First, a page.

As always if you have any thoughts or comments, let us know in the section below!
Instead, the big drop in Apple’s stock price has become something of a ritual purge every time the company announces big news. See, for example, here, here, and here. Similar disappointment greeted CEO Tim Cook’s announcement of the iPhone 5s and 5c back in September. The 5s looked especially great — best in class, even — but for Apple, sometimes even great isn’t enough. The same holds true for sales and profits. It’s not about how big they are. It’s about how much bigger they could be, but aren’t.
During the first decade or so of the new century, Apple went from a company that made a device that transformed the music industry to a company that made a device that transformed every industry. And its revenue growth reflects that trend. As the iPhone went from coveted status symbol to ubiquitous tool of the mobile age, sales began to rise. Once the iPad was introduced, Apple’s growth rocketed, setting the standard that has been nearly impossible to match as the market for smartphones and tablets has matured — a dreaded word. While iPhones and iPads are still setting new records, overall growth is flat, and this past quarter’s iPhone sales came in below expectations for the holiday season by 5 to 6 million units. Apple’s numbers represent a healthy consistency but not that next level of nose bleed-inducing altitudes .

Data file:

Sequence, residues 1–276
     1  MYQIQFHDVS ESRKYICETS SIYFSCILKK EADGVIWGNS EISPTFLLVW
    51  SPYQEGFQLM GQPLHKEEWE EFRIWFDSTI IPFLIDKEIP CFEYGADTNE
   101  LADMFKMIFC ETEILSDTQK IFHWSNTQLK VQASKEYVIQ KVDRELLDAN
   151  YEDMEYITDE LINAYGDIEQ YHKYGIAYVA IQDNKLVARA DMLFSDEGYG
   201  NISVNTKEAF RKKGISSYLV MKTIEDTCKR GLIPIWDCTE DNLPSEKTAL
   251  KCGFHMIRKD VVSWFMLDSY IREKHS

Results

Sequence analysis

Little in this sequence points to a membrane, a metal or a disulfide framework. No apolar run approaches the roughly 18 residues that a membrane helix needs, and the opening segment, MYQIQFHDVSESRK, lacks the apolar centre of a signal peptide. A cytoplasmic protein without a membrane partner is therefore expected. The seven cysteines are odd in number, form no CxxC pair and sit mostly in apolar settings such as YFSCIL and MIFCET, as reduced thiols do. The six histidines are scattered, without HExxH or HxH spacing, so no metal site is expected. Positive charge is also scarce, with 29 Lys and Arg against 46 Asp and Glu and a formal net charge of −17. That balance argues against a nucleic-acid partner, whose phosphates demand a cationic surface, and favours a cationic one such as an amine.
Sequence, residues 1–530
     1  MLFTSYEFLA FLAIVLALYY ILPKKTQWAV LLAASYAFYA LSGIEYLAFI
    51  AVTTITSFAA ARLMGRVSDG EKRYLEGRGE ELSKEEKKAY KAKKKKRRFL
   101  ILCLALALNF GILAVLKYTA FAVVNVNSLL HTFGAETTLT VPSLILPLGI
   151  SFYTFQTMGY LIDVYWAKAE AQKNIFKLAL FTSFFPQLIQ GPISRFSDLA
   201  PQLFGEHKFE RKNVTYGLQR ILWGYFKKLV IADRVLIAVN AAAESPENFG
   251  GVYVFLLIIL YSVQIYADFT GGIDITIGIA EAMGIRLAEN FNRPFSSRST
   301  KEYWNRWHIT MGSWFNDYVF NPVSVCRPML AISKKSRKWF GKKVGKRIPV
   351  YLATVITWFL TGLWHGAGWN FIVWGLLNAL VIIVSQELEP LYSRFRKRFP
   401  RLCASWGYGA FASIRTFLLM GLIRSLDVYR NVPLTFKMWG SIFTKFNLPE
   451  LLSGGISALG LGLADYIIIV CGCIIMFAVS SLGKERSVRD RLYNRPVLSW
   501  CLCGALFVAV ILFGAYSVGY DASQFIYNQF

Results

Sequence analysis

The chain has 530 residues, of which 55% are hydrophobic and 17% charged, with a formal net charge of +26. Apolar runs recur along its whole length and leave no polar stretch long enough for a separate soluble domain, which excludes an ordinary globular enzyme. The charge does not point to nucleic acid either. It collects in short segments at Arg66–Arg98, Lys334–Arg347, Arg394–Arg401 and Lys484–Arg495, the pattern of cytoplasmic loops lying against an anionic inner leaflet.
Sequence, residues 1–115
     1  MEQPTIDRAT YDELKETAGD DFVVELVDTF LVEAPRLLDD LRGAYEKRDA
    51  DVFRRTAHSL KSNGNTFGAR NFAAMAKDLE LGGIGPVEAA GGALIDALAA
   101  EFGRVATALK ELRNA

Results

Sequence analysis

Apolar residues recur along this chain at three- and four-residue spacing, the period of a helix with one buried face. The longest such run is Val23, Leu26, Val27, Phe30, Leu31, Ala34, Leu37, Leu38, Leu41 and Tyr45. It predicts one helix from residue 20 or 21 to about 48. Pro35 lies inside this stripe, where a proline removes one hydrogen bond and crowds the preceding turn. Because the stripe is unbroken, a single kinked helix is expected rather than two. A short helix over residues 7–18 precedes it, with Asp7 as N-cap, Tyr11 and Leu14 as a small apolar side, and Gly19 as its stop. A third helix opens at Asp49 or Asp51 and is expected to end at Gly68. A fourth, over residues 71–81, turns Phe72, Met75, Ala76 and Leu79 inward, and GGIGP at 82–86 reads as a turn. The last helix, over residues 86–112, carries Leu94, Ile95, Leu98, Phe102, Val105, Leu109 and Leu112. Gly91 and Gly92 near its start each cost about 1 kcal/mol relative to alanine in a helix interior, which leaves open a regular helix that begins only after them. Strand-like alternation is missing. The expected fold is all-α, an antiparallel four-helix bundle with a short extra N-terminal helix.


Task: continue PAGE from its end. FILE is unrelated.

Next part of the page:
It’s possible Apple could once again reach those heights with the release of a category-creating wearable gadget or smart device, and some of the pessimism around Apple arises from the reality that the company has yet to do this. Rumors of such Apple hardware have been around for ages. Apple poaching former Burberry CEO Angela Ahrendts was seen as the surest sign yet that the company is getting into the wearables game. The trouble is that Wall Street wants an Apple smartwatch now, and it hasn’t seen one yet.
Meanwhile, activist investor Carl Icahn sees other deficiencies in the Apple machine. Icahn’s version of “not good enough” is Apple’s $ 100 billion stock buyback plan, which he believes the company should hike up to $ 150 billion. So he’s using Twitter to badger Cook and company almost constantly.